Catholic homily for the Feast of Mary Magdalene
Theme: The grace of repentance
By: Fr. Mike Lagrimas
St. Michael the Archangel Parish
Diocese of Novaliches
Homily for Thursday July 22 2021
Feast of St. Mary Magdalene
Jn 20:1-2, 11-18
On the first day of the week, Mary of Magdala came to the tomb early in the morning, while it was still dark, and saw the stone removed from the tomb. So she ran and went to Simon Peter and to the other disciple whom Jesus loved, and told them, “They have taken the Lord from the tomb, and we don’t know where they put him.”
But Mary stayed outside the tomb weeping. And as she wept, she bent over into the tomb and saw two angels in white sitting there, one at the head and one at the feet where the body of Jesus had been. And they said to her, “Woman, why are you weeping?” She said to them, “They have taken my Lord, and I don’t know where they laid him.” When she had said this, she turned around and saw Jesus there, but did not know it was Jesus. Jesus said to her, “Woman, why are you weeping? Whom are you looking for?” She thought it was the gardener and said to him, “Sir, if you carried him away, tell me where you laid him, and I will take him.” Jesus said to her, “Mary!” She turned and said to him in Hebrew, “Rabbouni,” which means Teacher. Jesus said to her, “Stop holding on to me, for I have not yet ascended to the Father. But go to my brothers and tell them, ‘I am going to my Father and your Father, to my God and your God.’” Mary of Magdala went and announced to the disciples, “I have seen the Lord,” and what he told her.
Today we honor a very important saint of the Church, St. Mary Magdalene. Acknowledging her greatness and her vital role in the proclamation of the Gospel, Pope Francis elevated the liturgical celebration in her honor from Memorial to Feast, like that of the apostles.
Western Christian tradition has long held that the unnamed sinful woman in the house of Simon the Pharisee mentioned by St. Luke (7:37-38) is Mary Magdalene. But this view has already been proven inaccurate by biblical scholars.
What is certain is that the Gospel describes Mary Magdalene as the woman “from whom seven demons had gone out”(Lk 8:2).It is not clear what these “seven demons” were. This may not necessarily mean evil possession but could indicate some kind of ailment that is certainly severe. Afterwards, she followed the Lord and was one among those women “who had been cured of evil spirits and infirmities,” and who accompanied the Twelve and “provided for them out of their resources” (Lk 8:2-3).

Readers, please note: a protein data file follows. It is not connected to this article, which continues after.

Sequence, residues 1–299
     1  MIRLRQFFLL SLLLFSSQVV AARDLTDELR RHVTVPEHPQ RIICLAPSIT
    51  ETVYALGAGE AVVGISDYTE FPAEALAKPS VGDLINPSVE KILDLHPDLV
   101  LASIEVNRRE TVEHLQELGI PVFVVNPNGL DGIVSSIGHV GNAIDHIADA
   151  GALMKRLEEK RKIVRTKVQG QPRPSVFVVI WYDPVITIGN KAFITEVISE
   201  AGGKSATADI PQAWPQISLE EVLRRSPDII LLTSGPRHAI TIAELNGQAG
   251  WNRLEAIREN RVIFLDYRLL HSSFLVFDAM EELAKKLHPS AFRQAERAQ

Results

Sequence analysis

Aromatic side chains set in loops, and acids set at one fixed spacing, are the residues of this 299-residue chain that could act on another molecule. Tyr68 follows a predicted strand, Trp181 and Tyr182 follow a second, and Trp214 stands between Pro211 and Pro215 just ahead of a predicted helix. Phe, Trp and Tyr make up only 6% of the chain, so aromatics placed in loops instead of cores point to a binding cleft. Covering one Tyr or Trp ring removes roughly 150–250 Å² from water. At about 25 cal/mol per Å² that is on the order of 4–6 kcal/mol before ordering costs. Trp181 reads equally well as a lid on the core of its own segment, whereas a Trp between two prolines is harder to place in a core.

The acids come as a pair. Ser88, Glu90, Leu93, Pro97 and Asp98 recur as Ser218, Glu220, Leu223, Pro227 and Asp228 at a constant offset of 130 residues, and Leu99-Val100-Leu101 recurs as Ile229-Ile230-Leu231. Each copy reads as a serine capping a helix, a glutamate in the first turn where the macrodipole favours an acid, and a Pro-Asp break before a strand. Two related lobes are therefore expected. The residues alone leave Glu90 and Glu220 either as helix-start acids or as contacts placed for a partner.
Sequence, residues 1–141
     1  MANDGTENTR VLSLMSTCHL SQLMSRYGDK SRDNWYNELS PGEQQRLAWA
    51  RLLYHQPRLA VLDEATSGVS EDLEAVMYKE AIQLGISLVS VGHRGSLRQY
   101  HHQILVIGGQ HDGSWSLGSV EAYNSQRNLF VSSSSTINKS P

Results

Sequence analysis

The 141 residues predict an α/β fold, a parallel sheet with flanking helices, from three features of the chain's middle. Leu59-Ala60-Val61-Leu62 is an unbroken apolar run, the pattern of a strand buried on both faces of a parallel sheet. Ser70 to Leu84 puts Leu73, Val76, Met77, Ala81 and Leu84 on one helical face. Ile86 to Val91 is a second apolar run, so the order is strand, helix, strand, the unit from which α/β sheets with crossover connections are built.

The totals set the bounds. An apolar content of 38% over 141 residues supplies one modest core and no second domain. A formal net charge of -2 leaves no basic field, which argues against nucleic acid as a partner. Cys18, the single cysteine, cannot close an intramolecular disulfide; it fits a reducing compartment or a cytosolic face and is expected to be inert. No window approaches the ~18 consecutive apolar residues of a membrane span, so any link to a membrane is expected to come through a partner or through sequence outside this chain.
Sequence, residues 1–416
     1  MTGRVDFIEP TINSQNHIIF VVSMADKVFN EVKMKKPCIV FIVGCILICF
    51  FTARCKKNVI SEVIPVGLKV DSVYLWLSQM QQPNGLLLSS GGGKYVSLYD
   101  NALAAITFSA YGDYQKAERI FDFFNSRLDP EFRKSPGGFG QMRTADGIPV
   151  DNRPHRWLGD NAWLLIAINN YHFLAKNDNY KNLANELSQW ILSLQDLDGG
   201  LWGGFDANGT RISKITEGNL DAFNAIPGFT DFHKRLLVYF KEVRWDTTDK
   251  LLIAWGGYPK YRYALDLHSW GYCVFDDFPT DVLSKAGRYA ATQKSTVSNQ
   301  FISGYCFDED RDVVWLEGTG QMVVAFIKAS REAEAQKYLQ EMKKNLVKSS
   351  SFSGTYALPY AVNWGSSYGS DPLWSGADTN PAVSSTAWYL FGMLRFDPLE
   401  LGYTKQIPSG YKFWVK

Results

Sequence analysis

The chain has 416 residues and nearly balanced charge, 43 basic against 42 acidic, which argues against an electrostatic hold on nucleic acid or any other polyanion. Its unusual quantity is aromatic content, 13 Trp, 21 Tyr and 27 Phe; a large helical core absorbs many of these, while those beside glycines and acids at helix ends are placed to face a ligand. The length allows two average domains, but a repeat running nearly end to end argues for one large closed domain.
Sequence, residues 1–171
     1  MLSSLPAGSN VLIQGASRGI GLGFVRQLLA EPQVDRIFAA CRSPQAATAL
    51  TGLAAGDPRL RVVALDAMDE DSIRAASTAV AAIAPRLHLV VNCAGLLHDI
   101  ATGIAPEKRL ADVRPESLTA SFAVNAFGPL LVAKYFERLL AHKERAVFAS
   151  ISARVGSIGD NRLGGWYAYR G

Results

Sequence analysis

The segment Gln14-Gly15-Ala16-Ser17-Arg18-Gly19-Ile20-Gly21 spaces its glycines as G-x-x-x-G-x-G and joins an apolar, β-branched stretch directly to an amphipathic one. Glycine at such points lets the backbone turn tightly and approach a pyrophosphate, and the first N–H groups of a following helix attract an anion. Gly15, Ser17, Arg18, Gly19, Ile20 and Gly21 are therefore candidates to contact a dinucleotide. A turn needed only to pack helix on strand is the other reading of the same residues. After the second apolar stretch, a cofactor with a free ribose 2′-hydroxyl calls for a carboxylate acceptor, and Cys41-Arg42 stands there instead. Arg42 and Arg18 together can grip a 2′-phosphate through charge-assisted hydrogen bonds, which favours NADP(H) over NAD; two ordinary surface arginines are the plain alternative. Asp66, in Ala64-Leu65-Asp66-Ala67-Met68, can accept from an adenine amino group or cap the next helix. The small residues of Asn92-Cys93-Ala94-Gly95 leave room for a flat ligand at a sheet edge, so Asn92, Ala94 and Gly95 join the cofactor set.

Certainly, in her personal encounter with Jesus, Mary Magdalene must have experienced some kind of radical conversion that led her to a profound commitment to follow and serve the Lord. However, the Gospel reading on this feast focuses, not on her sinfulness, but on her great love and exemplary fidelity to Jesus. It is her great love that made her truly faithful to the Lord until the end. She never abandoned Him even while He hanged on the cross. And she never gave up. She kept looking for Jesus even after His death. She went to the tomb, weeping bitterly. And because of her great love for Jesus, she was rewarded with the unique privilege being the first witness and herald of the resurrection of the Lord. That is why she is honored as the “Apostle to the Apostles,” for it was she who delivered this great news to the apostles.
The example of Mary Magdalene should inspire us towards a deeper commitment to the Lord and a greater love for Him. Nowadays, the spirit of materialism and egoism is gripping the world. We see a lot of systematic efforts to exclude and even erase God from society. Pope Pius XII took note of this many years ago. He said, “A day will come when the civilized world will deny its God, when the Church will doubt as Peter doubted. She will be tempted to believe that man has become God. In our churches, Christians will search in vain for the red lamp where God awaits them. Like Mary Magdalene, weeping before the empty tomb, they will ask, ‘Where have they taken Him’?” During these times, we should all the more strive to search for Jesus and, like Mary Magdalene, triumphantly proclaim to all and sundry, “I have seen the Lord!”
Secondly, this feast reminds us of our unworthiness and sinfulness. This realization should make us always humble, but not disheartened. The truth is, our sins are not an obstacle but an opportunity for holiness. We may liken our sins to our own shadow. The presence of shadows indicate the presence of light. Our sins are the dark shadows of our life. But we should not despair because the mere fact that there are shadows, there must be the light of grace. As the Apostle Paul said, “where sin increased, grace overflowed all the more” (Rom 5:20).
Hence, though sinners, we are called to be saints. And, in fact, God can make us saints. This is what the example of St. Mary Magdalene illustrates to us. The philosopher Soren Kierkegaard said, “God creates out of nothing. Wonderful, you say. Yes, to be sure, but He does what is still more wonderful: He makes saints out of sinners.”
If Jesus can turn water into wine, He can surely turn sinners into saints. What is only needed is openness to the grace of God, especially the grace of repentance and conversion as shown in the example of Mary Magdalene and many other great saints.
Fr. Mike Lagrimas
St. Michael the Archangel Parish
Diocese of Novaliches